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Journals from AUCP, Aix-en-Provence

2011-10-31 Midterms



                I have already been in France for two months!  The time seems to pass very quickly out here because there is so much to do and almost every experience is new.   During the last month, I have successfully combated essays, midterms, and a little bit of homesickness, and I have really started to get comfortable with the language and my day-to-day life in France.  Some things have been good, some bad, and some just okay, but everything is helping me improve my language and my understanding of French culture in general.

 October was much more academically intensive than September; I just finished with my midterms last week and I wrote several small essays over the course of the month.   I was initially shocked when I got back my first essays in France because my grades were noticeably lower than at home in the United States but soon after one my professors explained to me that the grading system in France is quite a bit harsher than the one in the United States and I should not be upset by my grades.  To be honest, this did not really make me feel any better.  In fact, it was not until I spent some time reading the comments written on my essays that I started to feel better; the comments were, for the most part, very positive and encouraging and what would have seemed like a mediocre or even shameful grade at home was actually quite respectable in France.   And then there were midterms.  All of the midterms were essay tests, which is fairly intimidating in a foreign language; I found that the best way to study was simply to re-read my notes and as much of the in class reading as possible to make sure I had a full understanding of the subject matter of each class so that I could organize my ideas about the subject matter. 

Since I have now been in France for about two months, my everyday life is becoming, well, my everyday life and now a little bit of time for homesickness.  I’ve begun to realize that there are certain things about the United States that are so much a part of my everyday life that I never thought about them until they weren’t there anymore.  Simple things, like certain music (Led Zeppelin and Heart) and foods (Slurpees and cheeseburgers), or giving and receiving hugs are all things that I miss because they either do not exist or are not popular in France.  And, of course, people like my family, my close friends, certain professors, and pets are all missed too.  One weekend I was feeling pretty down because I was thinking of what I used to do on the weekends with my friends in the United States; my host mom noticed I was a little homesick so she bought me a coffee macaroon (my favorite) and had tea with me and we talked a lot about the United States and other, unrelated, subjects.  Her kindness reminded me that I am in France to make a connection with the French people and I should take advantage of my time here instead of losing myself in thoughts of home.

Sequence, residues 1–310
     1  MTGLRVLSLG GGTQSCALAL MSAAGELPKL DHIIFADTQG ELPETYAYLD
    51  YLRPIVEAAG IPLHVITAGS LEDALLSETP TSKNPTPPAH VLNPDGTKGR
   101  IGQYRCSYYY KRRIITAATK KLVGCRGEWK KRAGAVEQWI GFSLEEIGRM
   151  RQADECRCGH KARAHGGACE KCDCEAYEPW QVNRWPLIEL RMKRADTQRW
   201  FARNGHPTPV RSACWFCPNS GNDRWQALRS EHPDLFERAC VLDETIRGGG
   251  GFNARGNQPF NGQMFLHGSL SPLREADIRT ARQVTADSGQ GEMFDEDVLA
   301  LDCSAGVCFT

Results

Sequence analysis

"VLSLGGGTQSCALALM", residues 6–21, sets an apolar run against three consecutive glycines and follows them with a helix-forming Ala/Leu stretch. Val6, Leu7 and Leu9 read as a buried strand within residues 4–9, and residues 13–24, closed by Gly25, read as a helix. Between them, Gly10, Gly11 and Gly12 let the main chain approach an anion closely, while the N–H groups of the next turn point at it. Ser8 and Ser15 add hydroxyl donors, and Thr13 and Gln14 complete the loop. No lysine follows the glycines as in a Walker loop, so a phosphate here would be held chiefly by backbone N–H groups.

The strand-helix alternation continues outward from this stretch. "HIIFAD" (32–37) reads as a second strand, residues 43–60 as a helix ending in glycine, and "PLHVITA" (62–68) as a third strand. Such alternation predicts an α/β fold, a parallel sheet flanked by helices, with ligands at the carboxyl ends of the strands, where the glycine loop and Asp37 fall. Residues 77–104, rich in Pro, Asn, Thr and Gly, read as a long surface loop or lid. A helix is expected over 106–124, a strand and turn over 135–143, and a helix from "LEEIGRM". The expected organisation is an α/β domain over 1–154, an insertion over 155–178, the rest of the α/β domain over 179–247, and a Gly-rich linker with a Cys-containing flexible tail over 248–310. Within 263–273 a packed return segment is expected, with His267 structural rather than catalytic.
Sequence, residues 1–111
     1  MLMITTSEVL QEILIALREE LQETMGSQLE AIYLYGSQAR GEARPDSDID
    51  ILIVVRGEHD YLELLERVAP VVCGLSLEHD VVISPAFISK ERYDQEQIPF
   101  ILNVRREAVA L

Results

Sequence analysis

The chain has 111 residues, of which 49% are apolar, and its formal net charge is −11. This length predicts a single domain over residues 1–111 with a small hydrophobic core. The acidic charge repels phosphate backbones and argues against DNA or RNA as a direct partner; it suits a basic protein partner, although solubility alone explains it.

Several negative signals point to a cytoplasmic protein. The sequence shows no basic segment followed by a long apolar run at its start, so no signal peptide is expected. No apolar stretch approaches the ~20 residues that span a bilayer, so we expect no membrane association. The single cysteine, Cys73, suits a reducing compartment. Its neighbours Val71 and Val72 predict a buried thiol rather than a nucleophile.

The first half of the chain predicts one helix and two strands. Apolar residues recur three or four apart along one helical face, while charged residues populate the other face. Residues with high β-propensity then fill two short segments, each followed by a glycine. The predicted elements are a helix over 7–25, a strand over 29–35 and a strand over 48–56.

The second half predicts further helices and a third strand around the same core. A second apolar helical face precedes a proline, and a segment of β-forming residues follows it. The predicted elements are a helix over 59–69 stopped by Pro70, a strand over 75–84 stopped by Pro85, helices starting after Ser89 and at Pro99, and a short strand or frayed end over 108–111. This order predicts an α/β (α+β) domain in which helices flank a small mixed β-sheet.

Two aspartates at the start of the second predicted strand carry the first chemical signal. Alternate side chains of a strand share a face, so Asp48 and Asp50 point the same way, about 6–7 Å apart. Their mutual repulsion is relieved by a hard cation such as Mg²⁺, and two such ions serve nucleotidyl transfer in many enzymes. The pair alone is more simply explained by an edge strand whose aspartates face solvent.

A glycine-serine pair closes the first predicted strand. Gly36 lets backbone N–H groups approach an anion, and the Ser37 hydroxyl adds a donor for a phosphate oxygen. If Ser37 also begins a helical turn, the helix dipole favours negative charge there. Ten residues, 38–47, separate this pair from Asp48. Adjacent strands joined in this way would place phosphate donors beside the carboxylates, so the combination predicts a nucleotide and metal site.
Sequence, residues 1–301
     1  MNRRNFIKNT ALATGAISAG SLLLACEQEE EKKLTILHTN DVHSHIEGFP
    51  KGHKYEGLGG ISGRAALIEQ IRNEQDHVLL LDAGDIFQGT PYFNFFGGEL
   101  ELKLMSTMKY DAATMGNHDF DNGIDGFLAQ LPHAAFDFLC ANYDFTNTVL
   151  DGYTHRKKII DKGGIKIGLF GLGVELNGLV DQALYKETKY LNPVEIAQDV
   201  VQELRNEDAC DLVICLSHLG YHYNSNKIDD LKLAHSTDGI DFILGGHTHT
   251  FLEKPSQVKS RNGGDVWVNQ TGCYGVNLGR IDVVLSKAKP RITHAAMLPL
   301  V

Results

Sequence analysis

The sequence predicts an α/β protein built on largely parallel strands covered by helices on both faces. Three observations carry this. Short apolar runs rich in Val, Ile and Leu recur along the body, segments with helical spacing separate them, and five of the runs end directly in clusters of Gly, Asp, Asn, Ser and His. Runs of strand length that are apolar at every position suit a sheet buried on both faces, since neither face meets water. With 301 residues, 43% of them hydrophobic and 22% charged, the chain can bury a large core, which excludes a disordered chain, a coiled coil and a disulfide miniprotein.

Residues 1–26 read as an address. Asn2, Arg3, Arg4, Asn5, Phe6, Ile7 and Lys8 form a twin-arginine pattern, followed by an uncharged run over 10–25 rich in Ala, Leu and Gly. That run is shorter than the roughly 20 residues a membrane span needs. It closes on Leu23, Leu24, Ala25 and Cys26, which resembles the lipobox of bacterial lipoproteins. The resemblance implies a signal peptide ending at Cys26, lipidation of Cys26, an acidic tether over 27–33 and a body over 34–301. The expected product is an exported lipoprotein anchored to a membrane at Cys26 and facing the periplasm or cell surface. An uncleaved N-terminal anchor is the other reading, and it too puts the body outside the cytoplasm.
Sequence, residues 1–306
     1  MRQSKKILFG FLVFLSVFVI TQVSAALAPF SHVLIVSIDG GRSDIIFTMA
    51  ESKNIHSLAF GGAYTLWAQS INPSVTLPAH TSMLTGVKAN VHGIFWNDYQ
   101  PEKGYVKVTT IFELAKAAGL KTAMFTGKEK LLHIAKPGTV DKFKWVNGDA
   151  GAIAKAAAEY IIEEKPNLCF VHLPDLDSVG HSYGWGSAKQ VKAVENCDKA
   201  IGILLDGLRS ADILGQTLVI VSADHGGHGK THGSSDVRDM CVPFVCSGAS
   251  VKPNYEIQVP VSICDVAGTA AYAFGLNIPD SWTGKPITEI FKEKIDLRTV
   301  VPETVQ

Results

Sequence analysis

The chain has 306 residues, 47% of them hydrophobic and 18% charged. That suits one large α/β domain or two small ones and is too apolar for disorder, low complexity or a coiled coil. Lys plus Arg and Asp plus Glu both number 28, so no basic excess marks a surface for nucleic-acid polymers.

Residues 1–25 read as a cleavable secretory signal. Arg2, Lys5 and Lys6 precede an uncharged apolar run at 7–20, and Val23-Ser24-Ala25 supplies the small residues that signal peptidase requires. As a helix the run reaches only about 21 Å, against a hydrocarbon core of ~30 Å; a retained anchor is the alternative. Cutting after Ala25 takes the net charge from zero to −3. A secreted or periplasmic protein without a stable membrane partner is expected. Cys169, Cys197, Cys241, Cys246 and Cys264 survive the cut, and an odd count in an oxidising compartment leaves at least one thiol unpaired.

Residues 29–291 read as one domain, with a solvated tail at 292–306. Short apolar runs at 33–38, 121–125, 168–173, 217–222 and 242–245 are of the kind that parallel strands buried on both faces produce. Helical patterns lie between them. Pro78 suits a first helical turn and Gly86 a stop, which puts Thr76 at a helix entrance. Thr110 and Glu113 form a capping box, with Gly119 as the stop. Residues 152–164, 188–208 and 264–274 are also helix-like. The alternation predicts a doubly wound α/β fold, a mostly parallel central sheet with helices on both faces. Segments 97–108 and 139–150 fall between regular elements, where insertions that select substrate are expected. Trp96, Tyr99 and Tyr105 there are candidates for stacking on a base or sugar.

Keeping busy is one of the best ways to prevent homesickness and at the AUCP there are many different ways to stay occupied during the week.  Homework assignments tend to take a lot of extra time since they are in my second language, but the AUCP also requires students to do some kind of volunteer work during their time abroad for at least two hours per week.  The volunteer work is a great way to meet and connect with French people in a nonacademic setting, and it is truly rewarding.  My volunteer position is at an Alzheimer’s clinic where I go to play informal concerts for the patients.  I play my guitar and sing but I also talk with the patients a lot and over the past few weeks I feel that I’ve developed a meaningful connection with the people at the clinic.  On my first day there I played “Landslide” by Stevie Nicks and one of the patients was so moved that he cried; at first I was really concerned that I made someone cry but I talked to him afterwards and he told me that he spent some time in the United States when he was young and I brought back some good memories and he was really happy about it.  My work at Aix Alzheimer continues to be as rewarding as on that first day; it makes me feel connected to the community and helps me improve my conversational French as well.     

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